As blockchain projects diversify into sales marketplaces for creative works, many find themselves dealing with copyright problems due to uncertainty as to how existing law applies to things like NFTs (non-fungible tokens) and DAOs (decentralized autonomous organizations). For instance, while purchase of an NFT confers certain rights, copyright isn’t one of them, unless the buyer applies for a standard copyright license. Spice DAO spent $3 million to purchase director Alejandro Jodorowsky’s 1970s illustrated pitch for an unfilmed version of “Dune,” only to have the “Dune” copyright holder block the ability to turn the storyboards into an animated film.
That’s just one of many examples. Director Quentin Tarantino is embroiled in an ongoing legal battle with Miramax over whether he can sell an NFT of his personal copy of a “Pulp Fiction” script.
In a detailed exploration of blockchain assets and copyright, The Verge writes of “a particularly tragic” mishap in which bereaved father Andy Parker “created an NFT of TV video footage depicting his daughter’s murder.” Parker came to believe creating an NFT “would give him enough of a copyright in the footage to have it removed from sites like Facebook and YouTube,” but “the television station that filmed the footage owns the copyright, and minting an NFT” didn’t change that.
As Congress begins regulating the crypto sector some of these rights may eventually be expressly defined. In the meantime, some basic rules will be set as a result of litigants slugging it out and establishing case law. For now, it’s a tangled mess, with rampant theft of NFTs — by right-clicking or a process known as “mimicking,” which is essentially cloning — and attempts to tie off-chain assets to blockchain code, known as “tethering,” as yet untested legally.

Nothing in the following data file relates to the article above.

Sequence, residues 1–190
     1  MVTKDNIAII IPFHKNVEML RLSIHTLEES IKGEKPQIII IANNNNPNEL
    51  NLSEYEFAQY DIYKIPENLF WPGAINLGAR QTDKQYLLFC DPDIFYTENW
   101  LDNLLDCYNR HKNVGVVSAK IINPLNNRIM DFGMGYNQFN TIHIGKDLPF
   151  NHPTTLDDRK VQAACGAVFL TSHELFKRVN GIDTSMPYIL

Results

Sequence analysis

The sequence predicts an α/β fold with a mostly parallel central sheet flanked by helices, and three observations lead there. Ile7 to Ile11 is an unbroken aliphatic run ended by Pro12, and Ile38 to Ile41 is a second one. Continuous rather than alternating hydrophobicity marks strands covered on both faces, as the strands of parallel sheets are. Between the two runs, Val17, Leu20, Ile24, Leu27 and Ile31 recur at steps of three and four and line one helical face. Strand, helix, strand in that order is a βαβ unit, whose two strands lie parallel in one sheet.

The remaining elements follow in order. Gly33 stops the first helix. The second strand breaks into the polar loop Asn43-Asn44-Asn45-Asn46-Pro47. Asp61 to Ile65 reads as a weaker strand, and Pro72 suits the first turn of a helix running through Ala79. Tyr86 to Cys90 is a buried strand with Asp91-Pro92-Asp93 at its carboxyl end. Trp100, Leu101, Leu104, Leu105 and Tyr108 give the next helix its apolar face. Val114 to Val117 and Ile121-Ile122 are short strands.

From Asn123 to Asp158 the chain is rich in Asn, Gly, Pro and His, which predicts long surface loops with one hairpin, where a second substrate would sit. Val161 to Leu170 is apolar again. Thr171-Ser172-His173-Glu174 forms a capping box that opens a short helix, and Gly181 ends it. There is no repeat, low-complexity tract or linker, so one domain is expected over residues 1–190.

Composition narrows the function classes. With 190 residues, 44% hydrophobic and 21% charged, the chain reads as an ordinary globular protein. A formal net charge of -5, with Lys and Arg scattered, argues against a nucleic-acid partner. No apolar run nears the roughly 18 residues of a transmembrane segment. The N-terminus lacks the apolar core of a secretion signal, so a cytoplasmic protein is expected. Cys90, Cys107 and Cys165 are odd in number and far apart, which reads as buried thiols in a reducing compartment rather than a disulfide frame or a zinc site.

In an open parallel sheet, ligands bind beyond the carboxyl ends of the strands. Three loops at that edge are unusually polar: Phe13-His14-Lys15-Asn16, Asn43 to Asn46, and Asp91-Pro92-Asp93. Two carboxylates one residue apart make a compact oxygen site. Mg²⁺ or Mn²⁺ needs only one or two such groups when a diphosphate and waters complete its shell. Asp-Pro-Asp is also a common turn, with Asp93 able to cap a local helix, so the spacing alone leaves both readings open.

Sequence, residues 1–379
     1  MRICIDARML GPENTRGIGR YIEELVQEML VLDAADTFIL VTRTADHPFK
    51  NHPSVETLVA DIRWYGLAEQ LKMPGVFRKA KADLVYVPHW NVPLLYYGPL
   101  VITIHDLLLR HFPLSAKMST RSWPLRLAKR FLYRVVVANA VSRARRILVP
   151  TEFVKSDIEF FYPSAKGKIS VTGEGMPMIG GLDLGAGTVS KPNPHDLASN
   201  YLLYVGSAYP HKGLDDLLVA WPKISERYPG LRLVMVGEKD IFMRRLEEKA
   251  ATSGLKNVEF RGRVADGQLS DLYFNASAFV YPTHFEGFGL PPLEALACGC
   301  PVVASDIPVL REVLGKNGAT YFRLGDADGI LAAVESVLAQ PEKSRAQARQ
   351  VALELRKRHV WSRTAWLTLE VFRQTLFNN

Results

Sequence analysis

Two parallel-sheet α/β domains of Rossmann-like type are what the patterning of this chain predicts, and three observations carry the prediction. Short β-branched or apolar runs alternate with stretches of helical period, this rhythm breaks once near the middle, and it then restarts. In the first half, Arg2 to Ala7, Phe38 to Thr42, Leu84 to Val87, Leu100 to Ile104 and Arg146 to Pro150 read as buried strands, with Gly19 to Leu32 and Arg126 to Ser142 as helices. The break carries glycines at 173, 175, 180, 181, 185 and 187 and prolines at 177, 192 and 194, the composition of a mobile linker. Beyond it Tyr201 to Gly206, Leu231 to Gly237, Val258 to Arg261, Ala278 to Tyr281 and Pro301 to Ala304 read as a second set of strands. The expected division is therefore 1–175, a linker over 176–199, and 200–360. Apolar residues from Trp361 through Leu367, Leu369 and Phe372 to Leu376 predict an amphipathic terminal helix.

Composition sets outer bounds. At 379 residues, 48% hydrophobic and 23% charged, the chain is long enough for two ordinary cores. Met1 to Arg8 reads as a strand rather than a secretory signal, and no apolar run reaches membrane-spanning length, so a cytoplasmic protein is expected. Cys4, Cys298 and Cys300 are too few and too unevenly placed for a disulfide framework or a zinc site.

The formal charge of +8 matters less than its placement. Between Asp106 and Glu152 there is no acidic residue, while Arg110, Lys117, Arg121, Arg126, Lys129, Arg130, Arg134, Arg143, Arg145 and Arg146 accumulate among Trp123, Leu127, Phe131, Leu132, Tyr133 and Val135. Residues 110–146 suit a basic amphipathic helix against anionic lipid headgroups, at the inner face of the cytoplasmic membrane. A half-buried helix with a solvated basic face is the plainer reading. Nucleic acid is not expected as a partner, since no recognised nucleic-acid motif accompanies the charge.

“When it comes down to it, NFTs are really just tokens with a bundle of metadata. This data about data carries with it all the necessary information for someone else to locate and use it,” writes Cointelegraph. Whether you can sue someone for using your NFT depends on various factors, including “if the NFT was related to original artwork of the claimant, the documents they could produce in support of their answer,” and so on, Cointelegraph says.
“Legally speaking, a creative work is not the same thing as any of its copies — someone can own a copyright but not a specific copy of their work, or vice versa,” writes The Verge, explaining “that’s because a copyright is a limited set of exclusive rights that’s not tied to any specific physical object.”
In its NFT intellectual property explainer, Reuters writes that “NFTs may be subject to IP protections, including copyright, design patent and trademark rights. As such, NFT purchasers should pay attention to what IP rights, if any, come part and parcel with the NFT.”
Seth Green’s Stolen ‘Bored Ape’ Muddles NFT Legal Ownership, Bloomberg Law, 6/8/22
Seth Green’s Stolen Bored Ape ‘Saga’ Exposes More Woes Regarding NFTs, Paste, 6/3/22
DeviantArt Is Expanding Its System for Flagging Stolen NFT Art, The Verge, 5/17/22
The NFT Slump Is Real, TechCrunch, 6/8/22
Is NFT Art Any Good?, The Verge, 6/8/22